Abiding Ink (Inked in the Steel City #4)

BOOK: Abiding Ink (Inked in the Steel City #4)
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Abiding Ink

 

Inked in the Steel City Book 4

 

Ranae Rose

 

eBooks are not transferable. This book may not be sold or given away. Doing so would be an infringement of the copyright.

 

This book is a work of fiction. All characters, names, places and events are products of the author’s imagination and are in no way real. Any resemblance to real events or persons, living or dead, is entirely coincidental.

 

Abiding Ink

 

Copyright © 2013 Ranae Rose

 

All rights reserved. No part of this book may be used or reproduced in any manner without written permission of the author, except in the case of brief quotations embodied in critical articles and reviews.

 

 

Abiding Ink

 

(Inked in the Steel City, #4)

 

Tyler DeHaven may look like a bad boy, but there’s got to be more to the tattoo artist who volunteers at the hospital during the holiday season. Inviting him to a work Christmas party seems innocent enough … at first. Problem is, he’s just as irresistible as he looks and falling fast is more than Mallory bargained for. After all, she’s reminded every day what a gamble love can be, and there’s no question that with him, the stakes are high.

It may be cold outside but Mallory Stephens is the hottest nurse Tyler has ever laid eyes on. To top it off, she also likes ink and wants him to be her holiday party date. He’s not going to say no, and when things get rocky, he’s not going to let their passion frost over, either.

Can a brand-new romance survive the chill as snow falls in the Steel City?

CHAPTER 1

 

 

 

 

“Any new tattoos?” Beneath a helmet of blue-rinsed curls, Ms. Sherwin’s eyes sparkled as she sat up in her hospital bed, leaning toward Tyler.

“No, Ms. Sherwin. Just the same old ink I had yesterday.”


Tsk tsk
. I told you yesterday – call me Ruby! If we’re going to be seeing each other every day, we can at least be friendly.” As he pushed the meal cart forward, she giggled, sounding more eight than eighty or however old she was.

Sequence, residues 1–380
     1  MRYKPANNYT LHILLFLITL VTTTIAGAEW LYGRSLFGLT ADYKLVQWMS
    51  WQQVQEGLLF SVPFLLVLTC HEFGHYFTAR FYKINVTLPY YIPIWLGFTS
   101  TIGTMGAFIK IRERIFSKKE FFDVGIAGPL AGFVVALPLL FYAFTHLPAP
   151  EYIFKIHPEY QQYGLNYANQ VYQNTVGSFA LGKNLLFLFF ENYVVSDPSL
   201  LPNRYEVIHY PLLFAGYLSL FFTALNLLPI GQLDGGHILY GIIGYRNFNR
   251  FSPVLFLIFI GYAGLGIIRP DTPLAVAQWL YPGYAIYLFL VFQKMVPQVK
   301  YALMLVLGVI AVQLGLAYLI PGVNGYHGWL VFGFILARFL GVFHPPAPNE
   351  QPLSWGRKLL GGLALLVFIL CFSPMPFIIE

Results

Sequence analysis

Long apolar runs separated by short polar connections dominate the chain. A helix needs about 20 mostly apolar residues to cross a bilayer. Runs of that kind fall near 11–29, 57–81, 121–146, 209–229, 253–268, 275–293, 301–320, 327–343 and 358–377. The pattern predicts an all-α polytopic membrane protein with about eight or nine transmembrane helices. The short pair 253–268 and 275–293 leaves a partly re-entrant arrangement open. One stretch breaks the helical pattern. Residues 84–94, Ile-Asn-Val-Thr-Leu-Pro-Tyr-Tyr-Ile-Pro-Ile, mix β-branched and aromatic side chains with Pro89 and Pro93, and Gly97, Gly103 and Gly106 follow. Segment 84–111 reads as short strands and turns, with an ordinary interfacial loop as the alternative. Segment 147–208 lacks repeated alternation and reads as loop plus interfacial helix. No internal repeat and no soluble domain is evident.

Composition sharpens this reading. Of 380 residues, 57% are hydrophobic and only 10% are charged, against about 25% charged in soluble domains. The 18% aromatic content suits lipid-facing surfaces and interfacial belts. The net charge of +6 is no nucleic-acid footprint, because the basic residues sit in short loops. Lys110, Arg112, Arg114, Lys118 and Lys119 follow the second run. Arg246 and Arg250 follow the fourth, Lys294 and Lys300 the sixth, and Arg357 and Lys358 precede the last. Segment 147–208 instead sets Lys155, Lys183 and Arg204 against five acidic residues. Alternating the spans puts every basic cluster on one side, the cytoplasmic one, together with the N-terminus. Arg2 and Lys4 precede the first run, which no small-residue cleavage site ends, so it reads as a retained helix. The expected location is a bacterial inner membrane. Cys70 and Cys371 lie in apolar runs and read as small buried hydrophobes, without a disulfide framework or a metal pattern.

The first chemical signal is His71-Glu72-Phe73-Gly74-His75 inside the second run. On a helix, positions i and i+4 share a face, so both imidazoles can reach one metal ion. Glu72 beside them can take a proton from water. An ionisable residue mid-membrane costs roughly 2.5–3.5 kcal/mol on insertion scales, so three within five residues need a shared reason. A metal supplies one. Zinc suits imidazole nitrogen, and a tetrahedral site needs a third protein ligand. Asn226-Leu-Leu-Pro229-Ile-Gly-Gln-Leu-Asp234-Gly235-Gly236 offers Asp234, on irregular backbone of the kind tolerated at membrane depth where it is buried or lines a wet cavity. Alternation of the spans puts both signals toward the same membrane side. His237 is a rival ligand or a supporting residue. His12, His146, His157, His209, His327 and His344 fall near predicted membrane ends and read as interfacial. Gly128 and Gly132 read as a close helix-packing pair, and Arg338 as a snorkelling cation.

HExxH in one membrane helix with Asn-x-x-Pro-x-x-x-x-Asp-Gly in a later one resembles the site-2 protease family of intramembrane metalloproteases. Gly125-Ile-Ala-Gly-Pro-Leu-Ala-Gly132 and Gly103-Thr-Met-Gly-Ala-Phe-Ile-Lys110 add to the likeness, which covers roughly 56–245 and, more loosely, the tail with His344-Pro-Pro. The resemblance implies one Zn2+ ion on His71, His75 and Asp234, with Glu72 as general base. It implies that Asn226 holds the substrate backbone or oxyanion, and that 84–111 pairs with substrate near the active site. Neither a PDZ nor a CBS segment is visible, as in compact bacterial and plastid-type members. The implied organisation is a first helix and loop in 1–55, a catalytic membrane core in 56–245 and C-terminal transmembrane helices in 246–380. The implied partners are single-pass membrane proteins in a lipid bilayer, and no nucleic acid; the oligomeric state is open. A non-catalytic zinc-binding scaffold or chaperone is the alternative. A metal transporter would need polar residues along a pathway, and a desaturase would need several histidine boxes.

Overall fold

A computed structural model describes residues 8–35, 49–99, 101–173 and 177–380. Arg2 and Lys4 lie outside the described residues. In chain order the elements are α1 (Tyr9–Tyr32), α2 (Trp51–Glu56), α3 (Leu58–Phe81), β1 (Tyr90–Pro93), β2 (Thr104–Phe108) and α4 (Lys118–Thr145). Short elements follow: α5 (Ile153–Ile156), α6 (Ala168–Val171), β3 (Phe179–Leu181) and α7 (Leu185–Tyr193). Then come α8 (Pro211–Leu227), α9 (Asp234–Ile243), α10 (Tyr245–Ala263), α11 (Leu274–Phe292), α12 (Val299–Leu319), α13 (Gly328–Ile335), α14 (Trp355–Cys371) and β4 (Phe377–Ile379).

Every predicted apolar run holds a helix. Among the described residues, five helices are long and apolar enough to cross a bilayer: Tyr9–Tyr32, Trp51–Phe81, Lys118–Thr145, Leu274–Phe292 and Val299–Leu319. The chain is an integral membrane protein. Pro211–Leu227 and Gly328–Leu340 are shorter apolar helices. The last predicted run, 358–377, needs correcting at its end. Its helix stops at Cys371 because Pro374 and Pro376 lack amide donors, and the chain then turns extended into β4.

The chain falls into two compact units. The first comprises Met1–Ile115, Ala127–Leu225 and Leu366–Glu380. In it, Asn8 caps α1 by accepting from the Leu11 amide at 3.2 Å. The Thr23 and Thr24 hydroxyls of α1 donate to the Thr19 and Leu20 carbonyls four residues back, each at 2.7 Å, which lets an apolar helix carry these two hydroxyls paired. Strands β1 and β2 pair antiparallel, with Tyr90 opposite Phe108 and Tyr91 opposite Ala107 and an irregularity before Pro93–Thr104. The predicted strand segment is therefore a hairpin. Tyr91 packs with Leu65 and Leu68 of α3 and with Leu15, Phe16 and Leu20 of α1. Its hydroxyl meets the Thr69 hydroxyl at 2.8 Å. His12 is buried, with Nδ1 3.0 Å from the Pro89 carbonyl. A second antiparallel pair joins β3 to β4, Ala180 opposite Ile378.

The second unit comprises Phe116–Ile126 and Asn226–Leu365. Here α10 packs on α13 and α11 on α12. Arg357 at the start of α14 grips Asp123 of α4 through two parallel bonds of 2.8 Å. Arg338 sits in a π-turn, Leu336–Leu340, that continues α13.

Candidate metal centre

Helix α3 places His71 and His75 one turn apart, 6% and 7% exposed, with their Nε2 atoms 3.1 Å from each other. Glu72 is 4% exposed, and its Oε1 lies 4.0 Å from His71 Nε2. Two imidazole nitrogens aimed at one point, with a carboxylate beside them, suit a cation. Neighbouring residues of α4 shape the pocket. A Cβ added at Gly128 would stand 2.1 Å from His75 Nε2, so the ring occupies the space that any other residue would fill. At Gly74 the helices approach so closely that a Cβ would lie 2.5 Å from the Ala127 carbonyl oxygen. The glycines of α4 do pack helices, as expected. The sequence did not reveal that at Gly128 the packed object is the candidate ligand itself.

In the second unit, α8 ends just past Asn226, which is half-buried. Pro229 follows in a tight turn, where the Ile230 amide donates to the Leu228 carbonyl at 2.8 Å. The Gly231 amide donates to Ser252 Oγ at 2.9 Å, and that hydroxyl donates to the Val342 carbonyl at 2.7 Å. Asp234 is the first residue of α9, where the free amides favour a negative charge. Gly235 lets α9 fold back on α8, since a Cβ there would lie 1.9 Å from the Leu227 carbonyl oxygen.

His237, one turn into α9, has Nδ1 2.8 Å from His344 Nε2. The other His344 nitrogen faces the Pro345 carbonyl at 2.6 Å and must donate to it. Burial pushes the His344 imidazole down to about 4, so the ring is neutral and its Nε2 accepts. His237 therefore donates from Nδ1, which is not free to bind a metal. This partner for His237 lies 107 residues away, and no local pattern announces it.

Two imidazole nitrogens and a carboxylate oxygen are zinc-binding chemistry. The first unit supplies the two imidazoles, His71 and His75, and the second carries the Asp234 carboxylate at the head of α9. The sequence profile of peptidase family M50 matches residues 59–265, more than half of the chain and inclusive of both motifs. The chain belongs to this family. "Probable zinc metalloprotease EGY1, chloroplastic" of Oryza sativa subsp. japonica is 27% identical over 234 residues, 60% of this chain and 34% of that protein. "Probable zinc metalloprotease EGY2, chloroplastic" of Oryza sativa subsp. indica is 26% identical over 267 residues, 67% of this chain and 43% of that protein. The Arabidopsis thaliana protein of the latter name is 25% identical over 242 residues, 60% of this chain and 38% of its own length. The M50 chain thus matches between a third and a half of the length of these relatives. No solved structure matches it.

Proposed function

“I’m only volunteering here for a week, Ms. – uh, Ruby.” Six more days, counting today.

She ignored his comment, leaning forward as he approached with her lunch tray. “Ooh!” Gripping him by the wrist, she pushed up the sleeve of his thermal tee, exposing half his forearm. Her tiny, pale hand looked and felt like a child’s in comparison to his. Then again, she was maybe five feet tall, and he was over six.

“Thought I saw something new,” she said, giving his arm a surprisingly strong squeeze. “Silly me. My eyesight’s not what it used to be, you know.”

“Would you like me to hand you your glasses?” He eyed the pair sitting on the tray beside her bed, thick plastic frames with even thicker lenses.

Letting go of his wrist – but leaving his sleeve pushed up – she waved one hand. “I only use those for reading.”

A novel rested on the table, too – a thick paperback with a woman in an old-fashioned dress posing with a ripped, long-haired guy in a kilt on the cover. Tyler slid the meal tray onto the table, careful not to knock the glasses or book off the side.

“Don’t like to wear them when I don’t have to,” she continued. “They make me feel like an owl.”

“I’m sure you don’t look like an owl, Ms. Sherwin.”

“Ruby.” She tittered. “Now what did you bring me for lunch?”